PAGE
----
Recent News and Events

A showcase of projects from the Harvard section of the Fall '14 MIT course "How to Make (Almost) Anything" (February 3, 2015). Watch the slideshow.


Figure 1
Thermally induced electrical currents, known as Johnson noise, cause fluctuating electric and magnetic fields in proximity to a conductor. These fluctuations are intrinsically related to the conductivity of the metal...


Prof. Eugene Demler
Prof. Eugene Demler has been elected the recipient of a Carl Friedrich Siemens Research Award. This award is conferred in recognition of lifetime achievements in a science field, without any restrictions being placed on the choice of science discipline...


Eisenstein lecture announcement
The Sound waves propagating through the plasma of the Universe only 400,000 years after the Big Bang now offer some of our most precise measures of the composition and history of the Universe...


Fig. 1
The nitrogen-vacancy (NV) defect center in diamond has demonstrated great capability for nanoscale magnetic sensing and imaging for both static and periodically modulated target fields. However, it remains a challenge...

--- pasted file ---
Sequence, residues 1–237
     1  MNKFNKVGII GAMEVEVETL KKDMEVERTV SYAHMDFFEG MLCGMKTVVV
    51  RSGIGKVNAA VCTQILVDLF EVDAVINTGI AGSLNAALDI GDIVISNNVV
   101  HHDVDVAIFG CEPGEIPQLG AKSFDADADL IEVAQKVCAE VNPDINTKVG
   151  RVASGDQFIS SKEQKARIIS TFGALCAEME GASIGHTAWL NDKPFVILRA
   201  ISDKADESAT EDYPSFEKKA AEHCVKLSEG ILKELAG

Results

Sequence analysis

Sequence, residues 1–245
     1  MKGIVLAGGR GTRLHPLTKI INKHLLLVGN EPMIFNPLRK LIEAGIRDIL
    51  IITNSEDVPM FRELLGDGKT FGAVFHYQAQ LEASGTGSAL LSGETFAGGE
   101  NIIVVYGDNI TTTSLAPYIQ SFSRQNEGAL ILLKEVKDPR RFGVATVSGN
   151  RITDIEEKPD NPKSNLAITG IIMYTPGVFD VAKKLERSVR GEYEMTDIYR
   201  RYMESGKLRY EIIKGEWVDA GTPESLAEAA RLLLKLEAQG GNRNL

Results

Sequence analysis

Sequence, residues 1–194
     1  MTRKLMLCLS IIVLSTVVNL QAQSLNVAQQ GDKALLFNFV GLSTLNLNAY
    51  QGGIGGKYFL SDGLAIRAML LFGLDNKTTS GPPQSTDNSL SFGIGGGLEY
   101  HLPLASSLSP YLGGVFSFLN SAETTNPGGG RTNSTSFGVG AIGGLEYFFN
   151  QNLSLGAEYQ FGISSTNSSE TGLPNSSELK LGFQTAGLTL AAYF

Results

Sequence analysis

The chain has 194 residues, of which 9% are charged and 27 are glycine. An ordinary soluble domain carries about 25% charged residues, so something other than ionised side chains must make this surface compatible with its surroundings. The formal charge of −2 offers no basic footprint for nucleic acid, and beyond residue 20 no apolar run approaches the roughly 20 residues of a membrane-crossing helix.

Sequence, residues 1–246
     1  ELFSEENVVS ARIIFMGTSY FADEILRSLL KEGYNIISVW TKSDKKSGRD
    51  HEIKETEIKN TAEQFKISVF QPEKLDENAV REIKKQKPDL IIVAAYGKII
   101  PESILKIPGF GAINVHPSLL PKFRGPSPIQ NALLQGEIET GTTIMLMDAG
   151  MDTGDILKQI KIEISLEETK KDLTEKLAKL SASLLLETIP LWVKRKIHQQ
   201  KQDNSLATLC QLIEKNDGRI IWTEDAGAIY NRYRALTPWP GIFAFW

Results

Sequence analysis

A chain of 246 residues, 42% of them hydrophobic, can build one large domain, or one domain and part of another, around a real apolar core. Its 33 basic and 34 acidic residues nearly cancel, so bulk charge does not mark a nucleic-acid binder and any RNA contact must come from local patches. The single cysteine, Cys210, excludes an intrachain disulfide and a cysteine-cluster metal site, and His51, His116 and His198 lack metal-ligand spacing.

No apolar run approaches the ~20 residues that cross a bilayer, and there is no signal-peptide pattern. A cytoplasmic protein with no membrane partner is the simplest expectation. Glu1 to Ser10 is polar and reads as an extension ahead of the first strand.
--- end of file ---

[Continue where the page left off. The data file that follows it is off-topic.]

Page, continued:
The physics Graduate Student Council (GSC) organized the Harvard Physics Research Poster Session with the intent of increasing inner-departmental communication between graduate students...



Mount Everest

On January 21, 2015, Willy Shih, Robert and Jane Cizik Professor of Management and Practice at the Harvard Business School, gave a leadership workshop to 30 of our Research Scholars. In teams of five, with each person assigned a specific role...



class projects
In this Wintersession class, students learned to make small soldered electronic circuits from copper-covered boards or copper film, either for their research or just for fun, using the Modela mill and the vinyl cutter...


Figure 2: Inner structure of the skyrmion in the (x, z) plane
Topological excitations keep fascinating physicists since many decades. While individual vortices and solitons emerge and have been observed in many areas of physics, their most intriguing higher dimensional topological relatives, skyrmions...


Figure 3: Protocol for quantum-enhanced nuclear spin imaging
Nuclear spin imaging at the atomic level is essential for the understanding of fundamental biological phenomena and for applications such as drug discovery. The advent of novel nanoscale sensors promises to achieve the long-standing goal of single-protein...


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